Assuntos
Córtex Cerebral/fisiologia , Memória de Curto Prazo/fisiologia , Oxigênio/sangue , Percepção Visual/fisiologia , Adolescente , Mapeamento Encefálico/métodos , Criança , Feminino , Humanos , Processamento de Imagem Assistida por Computador/métodos , Imagem por Ressonância Magnética/métodos , Masculino , Testes Neuropsicológicos
15.
Psychiatry Res ; 212(3): 183-91, 2013 Jun 30.
Artigo em Inglês | MEDLINE | ID: mdl-23570915

RESUMO

Vigilance, which requires attending to relevant while ignoring irrelevant stimuli, is a cognitive domain impacted by schizophrenia and bipolar disorder. Various continuous performance tests (CPT) have been used to examine neural correlates of vigilance within people with and without severe mental illness, though there are limited cross-species paradigms available. The 5-choice CPT (5C-CPT) was designed for use in rodents as a cross-species translational paradigm. Here, we evaluate construct validity of a reverse-translated human analog of the 5C-CPT in assessing the neural correlates of vigilance. Functional magnetic resonance imaging during the 5C-CPT was used to examine activation of healthy individuals during target and non-target trials separately. We found activation in brain regions implicated in sustained attention processes including premotor cortex, inferior parietal lobe, basal ganglia, and thalamus during target trials. For non-target trials, we found expected activation in inferior frontal cortex, premotor cortex, presupplementary motor area, and inferior parietal lobe. Results support the construct validity of the 5C-CPT in measuring attentional and inhibitory systems within a single task paradigm enabling the assessment of vigilance across species. This task can be used for powerful parallel human and animal investigations of the biological basis of vigilance deficits in populations with severe mental illness.


Assuntos
Encéfalo/fisiologia , Neuroimagem Funcional , Imagem por Ressonância Magnética , Desempenho Psicomotor/fisiologia , Adulto , Atenção/fisiologia , Mapeamento Encefálico , Comportamento de Escolha/fisiologia , Feminino , Humanos , Processamento de Imagem Assistida por Computador , Masculino , Pessoa de Meia-Idade , Tempo de Reação/fisiologia
16.
Neuropsychology ; 27(2): 243-55, 2013 Mar.
Artigo em Inglês | MEDLINE | ID: mdl-23527652

RESUMO

OBJECTIVE: A fundamental dissociation for most working memory (WM) theories involves the separation of sensory-perceptual encoding of stimulus information from the maintenance of this information. The present paper reports tests of this separability hypothesis for visually presented pseudowords at both mathematical and neuroimaging levels of analysis. METHOD: Levels of analysis were linked by two experimental manipulations-visual degradation and pseudoword length variation-that coupled findings from a mathematical modeling study of WM performed in a separate sample to findings from an event-related functional MRI (fMRI) study reported in the present paper. Results from the mathematical modeling study generated parametric signatures of stimulus encoding and WM rehearsal and displacement. These signatures led to specific predictions about neurophysiological responses to study manipulations in a priori regions of interest (ROI). RESULTS: Results demonstrated predicted dissociations of activation signatures in several ROIs. Significant patterns of brain response mirroring the encode signature were observed only during the task encode interval and only in the visual cortex and posterior fusiform gyrus. In contrast, significant brain response mirroring the rehearsal/displacement signature was observed only in the dorsolateral prefrontal cortex, inferior frontal gyrus, and supramarginal gyrus. CONCLUSIONS: Present findings support the separability hypothesis insofar as brain regions that underlie sensory-perceptual processes demonstrated encode signatures whereas brain regions that support WM maintenance demonstrated the rehearsal/displacement signature. These results also provide evidence for the utility of combining mathematical modeling with fMRI to integrate information across cognitive and neural levels of analysis.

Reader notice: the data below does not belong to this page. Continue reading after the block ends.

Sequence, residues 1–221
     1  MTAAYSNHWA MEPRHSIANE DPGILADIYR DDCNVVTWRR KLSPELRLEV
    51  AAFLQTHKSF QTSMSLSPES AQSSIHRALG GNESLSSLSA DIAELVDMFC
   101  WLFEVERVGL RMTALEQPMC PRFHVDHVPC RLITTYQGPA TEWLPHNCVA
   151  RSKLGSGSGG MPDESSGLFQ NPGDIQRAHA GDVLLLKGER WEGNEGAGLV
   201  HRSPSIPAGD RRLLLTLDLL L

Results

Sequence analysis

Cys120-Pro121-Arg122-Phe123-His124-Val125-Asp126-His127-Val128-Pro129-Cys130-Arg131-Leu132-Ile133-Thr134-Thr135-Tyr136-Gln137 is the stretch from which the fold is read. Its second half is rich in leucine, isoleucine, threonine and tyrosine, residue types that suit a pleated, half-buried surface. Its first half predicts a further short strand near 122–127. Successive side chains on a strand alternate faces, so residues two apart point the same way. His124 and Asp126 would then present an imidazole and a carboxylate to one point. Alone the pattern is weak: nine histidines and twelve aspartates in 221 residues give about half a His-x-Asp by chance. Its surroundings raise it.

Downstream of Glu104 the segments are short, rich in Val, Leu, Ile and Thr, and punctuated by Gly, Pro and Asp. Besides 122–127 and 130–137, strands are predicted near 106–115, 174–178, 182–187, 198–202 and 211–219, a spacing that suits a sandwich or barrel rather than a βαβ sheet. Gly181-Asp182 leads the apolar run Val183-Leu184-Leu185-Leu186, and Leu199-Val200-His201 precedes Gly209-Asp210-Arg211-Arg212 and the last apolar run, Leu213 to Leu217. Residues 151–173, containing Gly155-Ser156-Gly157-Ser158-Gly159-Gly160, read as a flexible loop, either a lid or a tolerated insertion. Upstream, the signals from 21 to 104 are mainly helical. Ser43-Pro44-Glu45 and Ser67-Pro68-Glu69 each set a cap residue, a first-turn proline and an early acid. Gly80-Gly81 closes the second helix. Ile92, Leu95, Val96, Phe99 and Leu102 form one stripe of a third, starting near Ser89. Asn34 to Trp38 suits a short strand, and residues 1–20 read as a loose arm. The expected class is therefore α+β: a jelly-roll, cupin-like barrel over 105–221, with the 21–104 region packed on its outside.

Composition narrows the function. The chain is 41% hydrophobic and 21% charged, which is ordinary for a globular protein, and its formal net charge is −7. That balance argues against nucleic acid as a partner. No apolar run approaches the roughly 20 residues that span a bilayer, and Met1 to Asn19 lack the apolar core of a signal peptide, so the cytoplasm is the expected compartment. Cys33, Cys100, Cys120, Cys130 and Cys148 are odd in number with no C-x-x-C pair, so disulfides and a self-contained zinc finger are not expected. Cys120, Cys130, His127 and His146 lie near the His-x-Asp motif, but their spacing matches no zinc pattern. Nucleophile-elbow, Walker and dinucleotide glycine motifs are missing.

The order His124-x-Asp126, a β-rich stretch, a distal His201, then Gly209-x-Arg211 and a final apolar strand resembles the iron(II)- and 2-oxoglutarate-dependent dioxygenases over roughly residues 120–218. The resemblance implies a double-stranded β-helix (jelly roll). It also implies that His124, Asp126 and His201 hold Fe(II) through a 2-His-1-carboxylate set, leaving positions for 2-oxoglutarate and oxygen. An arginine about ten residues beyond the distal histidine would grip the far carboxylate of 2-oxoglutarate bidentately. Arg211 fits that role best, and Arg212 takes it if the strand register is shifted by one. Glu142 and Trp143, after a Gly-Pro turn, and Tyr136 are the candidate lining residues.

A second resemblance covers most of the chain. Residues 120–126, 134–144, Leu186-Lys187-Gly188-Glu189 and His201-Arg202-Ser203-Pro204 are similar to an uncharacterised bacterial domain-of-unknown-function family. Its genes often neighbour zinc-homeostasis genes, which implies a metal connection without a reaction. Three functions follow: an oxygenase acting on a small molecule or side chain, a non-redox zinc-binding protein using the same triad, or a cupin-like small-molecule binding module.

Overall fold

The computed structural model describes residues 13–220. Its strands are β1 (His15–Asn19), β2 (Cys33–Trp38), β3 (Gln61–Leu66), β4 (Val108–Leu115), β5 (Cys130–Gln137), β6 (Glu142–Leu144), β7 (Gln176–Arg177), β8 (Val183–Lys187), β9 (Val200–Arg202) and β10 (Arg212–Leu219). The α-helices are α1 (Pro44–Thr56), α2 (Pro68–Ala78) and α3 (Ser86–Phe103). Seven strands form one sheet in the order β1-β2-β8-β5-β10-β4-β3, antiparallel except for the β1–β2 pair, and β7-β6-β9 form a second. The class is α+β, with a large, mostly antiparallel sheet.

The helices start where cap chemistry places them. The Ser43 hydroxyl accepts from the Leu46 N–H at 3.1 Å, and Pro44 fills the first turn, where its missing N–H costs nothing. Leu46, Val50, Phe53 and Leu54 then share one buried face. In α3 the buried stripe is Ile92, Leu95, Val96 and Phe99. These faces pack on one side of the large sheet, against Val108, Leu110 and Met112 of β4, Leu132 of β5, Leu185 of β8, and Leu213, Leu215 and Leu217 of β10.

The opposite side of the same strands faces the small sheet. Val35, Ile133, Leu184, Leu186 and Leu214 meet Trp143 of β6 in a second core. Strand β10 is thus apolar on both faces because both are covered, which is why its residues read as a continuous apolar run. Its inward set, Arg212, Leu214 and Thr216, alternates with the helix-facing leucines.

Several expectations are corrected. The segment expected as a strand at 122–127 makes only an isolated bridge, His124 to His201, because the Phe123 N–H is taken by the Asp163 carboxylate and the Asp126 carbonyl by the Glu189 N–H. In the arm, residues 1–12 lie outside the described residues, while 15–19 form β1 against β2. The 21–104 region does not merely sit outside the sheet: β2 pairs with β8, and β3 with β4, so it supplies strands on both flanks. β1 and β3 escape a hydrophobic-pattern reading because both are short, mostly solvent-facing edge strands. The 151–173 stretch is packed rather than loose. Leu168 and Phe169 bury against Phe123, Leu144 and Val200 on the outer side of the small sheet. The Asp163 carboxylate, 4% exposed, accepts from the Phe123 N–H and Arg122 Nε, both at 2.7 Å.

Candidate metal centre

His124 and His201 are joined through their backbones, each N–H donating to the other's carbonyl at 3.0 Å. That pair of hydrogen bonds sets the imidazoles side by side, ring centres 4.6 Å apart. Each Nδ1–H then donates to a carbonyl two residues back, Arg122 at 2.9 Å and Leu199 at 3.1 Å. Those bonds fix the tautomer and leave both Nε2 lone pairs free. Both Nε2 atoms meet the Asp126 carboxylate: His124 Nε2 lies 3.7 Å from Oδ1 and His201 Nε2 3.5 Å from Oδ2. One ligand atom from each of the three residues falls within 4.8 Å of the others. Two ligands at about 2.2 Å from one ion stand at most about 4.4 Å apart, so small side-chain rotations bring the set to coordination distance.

Assuntos
Mapeamento Encefálico , Córtex Cerebral/fisiologia , Memória de Curto Prazo/fisiologia , Modelos Neurológicos , Modelos Teóricos , Aprendizagem Verbal/fisiologia , Adulto , Análise de Variância , Córtex Cerebral/irrigação sanguínea , Feminino , Humanos , Processamento de Imagem Assistida por Computador , Modelos Lineares , Imagem por Ressonância Magnética , Masculino , Oxigênio/sangue , Estimulação Luminosa , Valor Preditivo dos Testes , Tempo de Reação/fisiologia , Adulto Jovem
17.
Clin Psychol Rev ; 32(7): 650-63, 2012 Nov.
Artigo em Inglês | MEDLINE | ID: mdl-22926687

RESUMO

Prefrontal cortex (PFC) mediated cognitive and emotional processing deficits in bipolar disorder lead to functional limitations even during periods of mood stability. Alterations of sleep and circadian functioning are well-documented in bipolar disorder, but there is little research directly examining the mechanistic role of sleep and/or circadian rhythms in the observed cognitive and emotional processing deficits. We systematically review the cognitive and emotional processing deficits reliant upon PFC functioning of euthymic patients with bipolar disorder and in healthy individuals deprived of sleep. The evidence from two parallel lines of investigation suggests that sleep and circadian rhythms may be involved in the cognitive and emotional processing deficits seen in bipolar disorder through overlapping neurobiological systems. We discuss current models of bipolar highlighting the PFC-limbic connections and discuss inclusion of sleep-related mechanisms. Sleep and circadian dysfunction is a core feature of bipolar disorder and models of neurobiological abnormalities should incorporate chronobiological measures. Further research into the role of sleep and circadian rhythms in cognition and emotional processing in bipolar disorder is warranted.


Assuntos